Sunday, September 20, 2009

Stimulus Package for the Sixth Amendment: Part II and Farewell to William B. Moffitt

Haven't we imprisoned enough people? Haven't we deprived enough folks of their civil and human rights?...The war continues. As such, those of us who believe that fairness and due process are the cornerstones of any criminal justice system must continue to soldier on, hoping that human dignity and justice will prevail over ignorance. The struggle is never ending.

William B. Moffitt; April 2000

His defense of Dr. Sani al-Arian spokes volumes of his commitment to and belief in the effective assistance of counsel. He will be sorely missed. This acknowledgment is late but timely in our efforts to promote and protect the 6th amendment. Let us rededicate ourselves to working hard on behalf of our clients and not backing down to those who promote political expediency and momentary gain.

Remember, the Supreme Court has ruled that those who cannot afford to retain private counsel have the right to court appointed counsel in the following circumstances:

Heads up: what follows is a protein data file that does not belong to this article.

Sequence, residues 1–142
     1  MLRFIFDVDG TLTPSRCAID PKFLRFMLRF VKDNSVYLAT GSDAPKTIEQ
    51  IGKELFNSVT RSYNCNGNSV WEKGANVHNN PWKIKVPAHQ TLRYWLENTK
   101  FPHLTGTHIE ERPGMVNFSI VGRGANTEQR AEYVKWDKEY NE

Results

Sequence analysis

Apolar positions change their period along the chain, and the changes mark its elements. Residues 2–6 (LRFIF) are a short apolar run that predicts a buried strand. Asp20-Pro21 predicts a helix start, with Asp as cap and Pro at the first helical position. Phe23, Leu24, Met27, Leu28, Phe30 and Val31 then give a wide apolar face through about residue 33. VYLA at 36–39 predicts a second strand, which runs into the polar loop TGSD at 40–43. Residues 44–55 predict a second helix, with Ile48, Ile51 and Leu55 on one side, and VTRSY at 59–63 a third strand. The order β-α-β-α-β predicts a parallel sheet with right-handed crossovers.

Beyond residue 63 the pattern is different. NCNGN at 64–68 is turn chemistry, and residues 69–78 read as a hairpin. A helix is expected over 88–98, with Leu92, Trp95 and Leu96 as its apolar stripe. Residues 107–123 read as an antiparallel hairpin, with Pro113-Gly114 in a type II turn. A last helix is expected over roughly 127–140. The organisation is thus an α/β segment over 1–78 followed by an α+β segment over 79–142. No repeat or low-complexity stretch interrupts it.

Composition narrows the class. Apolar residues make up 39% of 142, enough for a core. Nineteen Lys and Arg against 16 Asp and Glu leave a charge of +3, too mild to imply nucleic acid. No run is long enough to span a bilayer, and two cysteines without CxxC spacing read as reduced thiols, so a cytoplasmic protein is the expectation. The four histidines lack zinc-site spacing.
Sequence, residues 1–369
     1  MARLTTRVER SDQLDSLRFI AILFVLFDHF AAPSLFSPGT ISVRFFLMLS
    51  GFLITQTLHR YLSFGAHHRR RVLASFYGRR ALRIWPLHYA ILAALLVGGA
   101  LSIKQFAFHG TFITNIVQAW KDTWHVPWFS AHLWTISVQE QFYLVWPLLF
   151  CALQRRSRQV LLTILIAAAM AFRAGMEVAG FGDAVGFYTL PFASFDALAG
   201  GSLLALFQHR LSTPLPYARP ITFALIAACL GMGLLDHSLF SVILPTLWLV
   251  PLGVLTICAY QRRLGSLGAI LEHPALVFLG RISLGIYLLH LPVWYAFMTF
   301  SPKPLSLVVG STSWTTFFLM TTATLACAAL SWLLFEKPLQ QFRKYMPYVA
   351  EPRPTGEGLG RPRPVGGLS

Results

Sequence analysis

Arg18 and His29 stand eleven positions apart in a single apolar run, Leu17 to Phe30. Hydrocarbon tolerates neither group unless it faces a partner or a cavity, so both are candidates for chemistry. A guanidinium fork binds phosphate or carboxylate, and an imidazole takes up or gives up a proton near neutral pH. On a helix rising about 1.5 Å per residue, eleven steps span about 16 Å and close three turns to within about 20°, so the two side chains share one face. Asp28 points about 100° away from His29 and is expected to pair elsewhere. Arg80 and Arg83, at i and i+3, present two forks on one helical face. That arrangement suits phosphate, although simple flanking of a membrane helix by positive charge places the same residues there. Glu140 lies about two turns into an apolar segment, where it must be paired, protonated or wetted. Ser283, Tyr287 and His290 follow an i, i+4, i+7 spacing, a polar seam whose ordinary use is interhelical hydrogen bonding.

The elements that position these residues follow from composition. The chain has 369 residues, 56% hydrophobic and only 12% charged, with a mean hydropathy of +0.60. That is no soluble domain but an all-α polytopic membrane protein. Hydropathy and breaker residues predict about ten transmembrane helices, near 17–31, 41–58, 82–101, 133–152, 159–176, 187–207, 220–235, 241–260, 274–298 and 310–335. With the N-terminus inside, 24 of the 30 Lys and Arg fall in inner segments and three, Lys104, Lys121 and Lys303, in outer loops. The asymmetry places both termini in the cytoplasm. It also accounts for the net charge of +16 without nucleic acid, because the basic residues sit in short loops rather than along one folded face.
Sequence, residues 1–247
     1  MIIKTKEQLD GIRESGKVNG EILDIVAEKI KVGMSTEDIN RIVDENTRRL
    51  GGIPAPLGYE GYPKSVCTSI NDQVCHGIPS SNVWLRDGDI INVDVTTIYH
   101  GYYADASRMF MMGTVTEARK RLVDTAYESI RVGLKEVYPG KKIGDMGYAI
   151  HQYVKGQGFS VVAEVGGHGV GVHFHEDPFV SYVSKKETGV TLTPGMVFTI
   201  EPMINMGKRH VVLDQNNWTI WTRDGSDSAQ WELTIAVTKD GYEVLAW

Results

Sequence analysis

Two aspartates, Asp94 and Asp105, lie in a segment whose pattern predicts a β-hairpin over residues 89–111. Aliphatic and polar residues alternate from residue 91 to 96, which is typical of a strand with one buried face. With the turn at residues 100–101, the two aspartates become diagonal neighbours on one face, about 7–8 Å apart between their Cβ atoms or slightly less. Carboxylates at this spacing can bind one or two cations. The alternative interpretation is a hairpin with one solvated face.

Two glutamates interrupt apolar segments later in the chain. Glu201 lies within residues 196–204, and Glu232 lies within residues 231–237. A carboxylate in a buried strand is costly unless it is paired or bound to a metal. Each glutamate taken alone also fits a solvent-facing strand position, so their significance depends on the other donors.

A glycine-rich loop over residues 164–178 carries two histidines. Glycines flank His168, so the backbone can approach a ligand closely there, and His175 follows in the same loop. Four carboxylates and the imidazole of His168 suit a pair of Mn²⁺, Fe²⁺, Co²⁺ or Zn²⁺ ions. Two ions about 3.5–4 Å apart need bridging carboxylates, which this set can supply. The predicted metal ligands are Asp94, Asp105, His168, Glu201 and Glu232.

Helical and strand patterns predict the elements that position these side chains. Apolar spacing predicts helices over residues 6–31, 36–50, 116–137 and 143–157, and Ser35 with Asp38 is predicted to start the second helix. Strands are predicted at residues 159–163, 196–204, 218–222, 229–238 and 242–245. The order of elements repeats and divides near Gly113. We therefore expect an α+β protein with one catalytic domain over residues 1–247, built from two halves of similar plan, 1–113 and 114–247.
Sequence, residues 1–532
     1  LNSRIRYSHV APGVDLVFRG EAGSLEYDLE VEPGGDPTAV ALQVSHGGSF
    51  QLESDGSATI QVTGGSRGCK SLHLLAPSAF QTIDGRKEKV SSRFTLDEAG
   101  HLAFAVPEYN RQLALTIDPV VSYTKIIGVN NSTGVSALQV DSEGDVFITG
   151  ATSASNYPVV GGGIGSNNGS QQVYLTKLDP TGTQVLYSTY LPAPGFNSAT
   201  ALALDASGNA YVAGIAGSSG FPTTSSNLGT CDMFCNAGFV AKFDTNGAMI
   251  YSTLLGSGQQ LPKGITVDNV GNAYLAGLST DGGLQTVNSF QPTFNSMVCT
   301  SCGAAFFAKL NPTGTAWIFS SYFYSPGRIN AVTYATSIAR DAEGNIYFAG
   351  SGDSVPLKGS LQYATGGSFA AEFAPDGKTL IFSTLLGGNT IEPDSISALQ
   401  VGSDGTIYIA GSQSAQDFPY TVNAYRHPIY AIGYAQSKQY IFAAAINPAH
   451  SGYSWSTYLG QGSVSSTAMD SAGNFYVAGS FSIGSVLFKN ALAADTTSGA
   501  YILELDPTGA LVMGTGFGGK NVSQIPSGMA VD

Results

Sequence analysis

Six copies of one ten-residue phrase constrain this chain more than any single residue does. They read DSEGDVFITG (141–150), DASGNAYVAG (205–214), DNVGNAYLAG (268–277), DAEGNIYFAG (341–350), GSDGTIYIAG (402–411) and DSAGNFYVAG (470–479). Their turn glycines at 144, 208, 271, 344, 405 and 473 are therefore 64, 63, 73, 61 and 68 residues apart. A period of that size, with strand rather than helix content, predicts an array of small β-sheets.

1. almost all contexts in which the state seeks to deprive liberty via the criminal justice system on direct appeal; Douglas v. California 372 U.S. 353 (1963)
2. in juvenile cases with risk of confinement; In re Gault 387 U.S. 1 (1967)
3. at critical stages of the process; Coleman v. Alabama 399 U.S. 1 (1970)
4. for an appeal of a sentence where the accused entered a guilty plea Halbert v. Michigan 545 U.S. 605 (2005)
Let us remember we are the holders of a great legacy and that we should work hard everyday. Not only for our own individual clients but also on behalf of those who do not have the financial resources to hire private counsel. Help your local PDs and appointed counsel whenever possible. The war continues. Go forth and fight.

Update: Attorney Rob Henak has filed supplemental motion seeking the recusal of Justice Gableman in the appeal of State v. Allen, 2007AP795 based in part on comments made by Gableman's counsel, James Bopp, at the disciplinary proceedings. As the motion states: "As such, Justice Gableman’s views and defense in his judicial ethics proceeding, as expressed through his attorney, reflect an absolute inability to be impartial in a criminal appeal such as this."
Enough said.

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